How Bangladesh elections impact Indian politics

Ashis Biswas
Published : 16:53, Nov 17, 2018 | Updated : 18:57, Feb 06, 2019

Ashis BiswasWith Bangladesh general elections only weeks away, the Indian media is keeping a close watch on developments in the neighbouring country. Reports on the formation of a united opposition alliance, the BNP’s moves to ensure that its chief Khaleda Zia can still participate in the elections, efforts made by Dr Kamal Hossain to consolidate the opposition — are published regularly. While people in India regard the ruling Awami League and its leader, Prime Minister Sheikh Hasina as being ‘more friendly and approachable’ than the BNP, based on past experience, there has been no explicit media support for any party or group.
Yet, political developments in Bangladesh have made a major impact on the functioning of the ruling party in India, the Bharatiya Janata Party (BJP). Initially, some problems developed between the BJP and the Awami League (AL). These followed from the nature of the election campaign in India, where five major states are going to the polls about the same time as Bangladesh, conducted by BJP President Amit Shah.
Shah, in a bid to consolidate Hindu votes, strongly attacked people he described as ‘illegal Bangladeshi immigrants settled in Assam and elsewhere.’ Warning that they would be traced and repatriated, he had addressed a series of rallies all over the country.
Dhaka issued a brief and measured response underplaying the tensions. Bangladesh Information Minister Hasanul Huq Inu said what Shah was saying was ‘not relevant’ and his remarks were ‘improper’. It became very embarrassing for the ruling party and its leader as the opposition gained much political mileage.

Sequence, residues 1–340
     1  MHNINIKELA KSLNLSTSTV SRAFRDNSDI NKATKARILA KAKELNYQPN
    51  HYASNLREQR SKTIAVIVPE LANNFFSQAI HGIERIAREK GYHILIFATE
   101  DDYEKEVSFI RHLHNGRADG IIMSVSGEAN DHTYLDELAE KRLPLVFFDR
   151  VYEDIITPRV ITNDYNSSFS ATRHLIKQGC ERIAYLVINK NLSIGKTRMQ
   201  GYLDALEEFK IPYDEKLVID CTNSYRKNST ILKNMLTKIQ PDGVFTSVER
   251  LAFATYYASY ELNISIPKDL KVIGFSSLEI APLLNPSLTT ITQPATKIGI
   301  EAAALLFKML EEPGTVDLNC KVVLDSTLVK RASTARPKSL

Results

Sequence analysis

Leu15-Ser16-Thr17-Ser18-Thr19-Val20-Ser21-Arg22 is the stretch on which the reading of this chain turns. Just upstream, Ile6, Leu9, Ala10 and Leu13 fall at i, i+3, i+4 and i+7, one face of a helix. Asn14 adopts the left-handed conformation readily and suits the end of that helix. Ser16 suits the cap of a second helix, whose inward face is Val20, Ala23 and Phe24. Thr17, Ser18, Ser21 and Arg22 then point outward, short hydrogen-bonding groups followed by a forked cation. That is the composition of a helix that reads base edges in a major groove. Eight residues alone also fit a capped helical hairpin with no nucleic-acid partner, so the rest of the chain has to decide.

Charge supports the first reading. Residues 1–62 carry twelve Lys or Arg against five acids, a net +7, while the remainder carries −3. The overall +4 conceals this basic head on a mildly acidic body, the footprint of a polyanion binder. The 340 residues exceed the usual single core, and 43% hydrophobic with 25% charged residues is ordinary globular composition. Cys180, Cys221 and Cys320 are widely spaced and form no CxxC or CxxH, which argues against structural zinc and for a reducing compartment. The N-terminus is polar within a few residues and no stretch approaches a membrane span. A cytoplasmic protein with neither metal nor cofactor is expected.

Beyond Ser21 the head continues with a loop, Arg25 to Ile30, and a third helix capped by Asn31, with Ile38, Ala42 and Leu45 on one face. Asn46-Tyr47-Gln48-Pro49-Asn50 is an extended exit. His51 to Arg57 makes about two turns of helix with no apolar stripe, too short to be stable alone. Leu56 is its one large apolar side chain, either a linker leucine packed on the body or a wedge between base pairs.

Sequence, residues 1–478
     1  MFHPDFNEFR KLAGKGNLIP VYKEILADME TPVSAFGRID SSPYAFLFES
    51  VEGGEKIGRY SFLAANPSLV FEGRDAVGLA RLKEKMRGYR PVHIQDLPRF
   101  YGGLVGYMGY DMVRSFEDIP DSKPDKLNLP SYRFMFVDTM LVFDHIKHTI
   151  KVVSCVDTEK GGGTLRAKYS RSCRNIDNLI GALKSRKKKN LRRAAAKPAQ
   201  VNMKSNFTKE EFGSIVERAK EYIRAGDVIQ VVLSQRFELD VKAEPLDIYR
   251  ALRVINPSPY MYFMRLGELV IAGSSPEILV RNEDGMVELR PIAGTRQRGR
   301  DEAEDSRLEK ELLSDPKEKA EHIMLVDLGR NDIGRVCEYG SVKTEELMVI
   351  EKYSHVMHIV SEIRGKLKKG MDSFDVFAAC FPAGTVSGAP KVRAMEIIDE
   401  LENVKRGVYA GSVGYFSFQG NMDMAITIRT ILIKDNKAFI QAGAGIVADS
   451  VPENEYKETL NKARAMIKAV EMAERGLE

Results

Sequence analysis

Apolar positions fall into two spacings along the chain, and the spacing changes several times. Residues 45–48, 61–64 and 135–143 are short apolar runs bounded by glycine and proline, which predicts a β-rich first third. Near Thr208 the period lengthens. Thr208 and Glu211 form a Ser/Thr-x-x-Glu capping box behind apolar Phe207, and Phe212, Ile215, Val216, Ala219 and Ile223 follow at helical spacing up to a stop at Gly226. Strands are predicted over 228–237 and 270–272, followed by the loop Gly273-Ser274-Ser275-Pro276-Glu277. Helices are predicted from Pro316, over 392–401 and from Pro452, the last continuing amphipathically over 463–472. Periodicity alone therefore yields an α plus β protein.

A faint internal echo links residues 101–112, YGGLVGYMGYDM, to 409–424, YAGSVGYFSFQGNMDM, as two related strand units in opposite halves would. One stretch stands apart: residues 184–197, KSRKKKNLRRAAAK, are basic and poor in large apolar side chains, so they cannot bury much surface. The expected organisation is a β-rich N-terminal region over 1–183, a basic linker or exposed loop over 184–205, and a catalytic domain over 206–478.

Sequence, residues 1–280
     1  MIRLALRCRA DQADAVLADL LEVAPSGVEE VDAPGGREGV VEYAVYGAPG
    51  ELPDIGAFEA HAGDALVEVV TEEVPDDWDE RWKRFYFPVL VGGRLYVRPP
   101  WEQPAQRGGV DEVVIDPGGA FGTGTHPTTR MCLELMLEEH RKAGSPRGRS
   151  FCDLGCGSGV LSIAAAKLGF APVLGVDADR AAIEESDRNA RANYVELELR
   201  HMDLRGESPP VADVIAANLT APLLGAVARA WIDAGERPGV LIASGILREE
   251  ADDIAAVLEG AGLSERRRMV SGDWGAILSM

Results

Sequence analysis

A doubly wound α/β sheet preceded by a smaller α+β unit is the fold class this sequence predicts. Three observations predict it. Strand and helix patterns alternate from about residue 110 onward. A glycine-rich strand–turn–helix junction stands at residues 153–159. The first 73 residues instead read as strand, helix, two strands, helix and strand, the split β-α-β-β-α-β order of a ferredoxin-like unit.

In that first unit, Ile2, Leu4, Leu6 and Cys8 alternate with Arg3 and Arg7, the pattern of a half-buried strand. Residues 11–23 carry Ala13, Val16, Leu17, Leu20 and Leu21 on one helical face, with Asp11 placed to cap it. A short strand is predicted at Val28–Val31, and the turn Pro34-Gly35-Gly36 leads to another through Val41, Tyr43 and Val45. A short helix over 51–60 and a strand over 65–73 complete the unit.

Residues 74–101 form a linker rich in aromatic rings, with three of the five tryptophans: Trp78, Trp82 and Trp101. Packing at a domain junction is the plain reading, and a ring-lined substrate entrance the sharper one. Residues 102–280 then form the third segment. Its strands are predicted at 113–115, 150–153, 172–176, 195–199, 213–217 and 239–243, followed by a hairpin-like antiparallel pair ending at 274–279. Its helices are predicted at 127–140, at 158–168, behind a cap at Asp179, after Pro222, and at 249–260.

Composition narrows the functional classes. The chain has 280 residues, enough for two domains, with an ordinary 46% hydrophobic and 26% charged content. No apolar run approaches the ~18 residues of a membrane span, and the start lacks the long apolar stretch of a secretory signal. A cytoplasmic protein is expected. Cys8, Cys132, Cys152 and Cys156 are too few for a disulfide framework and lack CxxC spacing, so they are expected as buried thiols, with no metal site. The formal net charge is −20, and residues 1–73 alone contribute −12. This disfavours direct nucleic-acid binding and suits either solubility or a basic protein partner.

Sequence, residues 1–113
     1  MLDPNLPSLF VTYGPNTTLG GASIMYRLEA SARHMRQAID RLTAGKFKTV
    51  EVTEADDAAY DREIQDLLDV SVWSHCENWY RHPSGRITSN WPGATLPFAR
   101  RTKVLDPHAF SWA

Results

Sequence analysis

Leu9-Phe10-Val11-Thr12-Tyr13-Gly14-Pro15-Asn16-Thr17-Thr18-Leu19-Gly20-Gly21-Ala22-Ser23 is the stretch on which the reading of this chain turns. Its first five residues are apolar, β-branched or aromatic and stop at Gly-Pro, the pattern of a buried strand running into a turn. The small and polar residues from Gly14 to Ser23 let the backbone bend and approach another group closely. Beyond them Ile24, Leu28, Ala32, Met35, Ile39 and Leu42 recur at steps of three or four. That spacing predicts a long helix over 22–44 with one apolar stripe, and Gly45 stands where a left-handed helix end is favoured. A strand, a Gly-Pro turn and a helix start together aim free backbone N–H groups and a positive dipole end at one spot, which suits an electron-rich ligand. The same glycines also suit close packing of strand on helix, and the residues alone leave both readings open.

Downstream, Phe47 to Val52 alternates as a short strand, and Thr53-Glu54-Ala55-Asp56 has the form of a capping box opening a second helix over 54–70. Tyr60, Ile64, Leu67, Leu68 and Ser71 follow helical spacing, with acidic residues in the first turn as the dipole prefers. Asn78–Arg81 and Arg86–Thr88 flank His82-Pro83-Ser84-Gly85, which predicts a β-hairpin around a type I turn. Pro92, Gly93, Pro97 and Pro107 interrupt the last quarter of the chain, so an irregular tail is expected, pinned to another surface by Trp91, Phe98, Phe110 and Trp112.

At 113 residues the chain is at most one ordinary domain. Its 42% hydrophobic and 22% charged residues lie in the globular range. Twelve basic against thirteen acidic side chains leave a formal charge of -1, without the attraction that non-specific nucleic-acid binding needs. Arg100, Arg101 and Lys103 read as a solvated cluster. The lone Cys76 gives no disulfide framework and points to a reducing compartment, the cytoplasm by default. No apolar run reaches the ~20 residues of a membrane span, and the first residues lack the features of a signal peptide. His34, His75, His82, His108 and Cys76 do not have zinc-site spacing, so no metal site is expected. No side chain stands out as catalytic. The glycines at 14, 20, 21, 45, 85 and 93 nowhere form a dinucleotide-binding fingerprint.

But it’s understood in India that the situation changed with the intervention of Prime Minister Narendra Modi himself. He, along with other leaders, reportedly instructed Shah not to refer to the Bangladeshi immigration issue any more. This followed a frantic feedback from India’s Ministry of External Affairs (MEA) mandarins, who pointed out how deeply Bangladesh elections matter to Delhi.
There can be no denying that bilateral relations have never been better between the two countries than at present. Indian observers are concerned that in case the BNP-led formation or other opposition defeat the Awami League, the situation may deteriorate. The opposition in Bangladesh, often dominated by Islamic extremists, never felt comfortable about closer economic ties with India. They opposed plans for a transit treaty and Indian assistance for major projects, suggesting that there would be a ‘security threat to Bangladesh’ from its larger neighbour.
To a great extent the recent economic progress of Bangladesh and the improvement in the standard of living for many people there, has improved the bilateral political narrative, say Indian analysts. Indo-Bangladeshi economic ties have contributed in a major way towards the economic development of Bangladesh, according to analysts.
As a result, there is greater receptivity of Indian views than before among the Bangladesh political circles. People in both countries benefit from bilateral projects seeking to achieve better connectivity, power-sharing and major infra development. India has also reduced the import tariffs on many Bangladeshi goods and extended transit rights to Dhaka by road and water ways, not to mention a large credit on soft terms.
In return, Bangladesh granted India transit rights and cracked down Indian insurgents carrying out their terrorist activities from its soil. It has held its patience on the sharing of Teesta waters. In view of these, it is reported that Prime Minister Modi told BJP chief Shah not to attack Bangladesh over the illegal infiltration issue. His speeches were embarrassing Hasina and the ruling Awami League in a major way, apart from generally offending Bangladesh sentiments.
Existing records show that Shah last spoke critically on Bangladeshi immigrants on Sept 8. Observers pointed out that the BjP too like the Awami League had its electoral compulsions with five major states going to vote. This explained the harsh rhetoric from Shah. Significantly no other BJP leader spoke on the matter.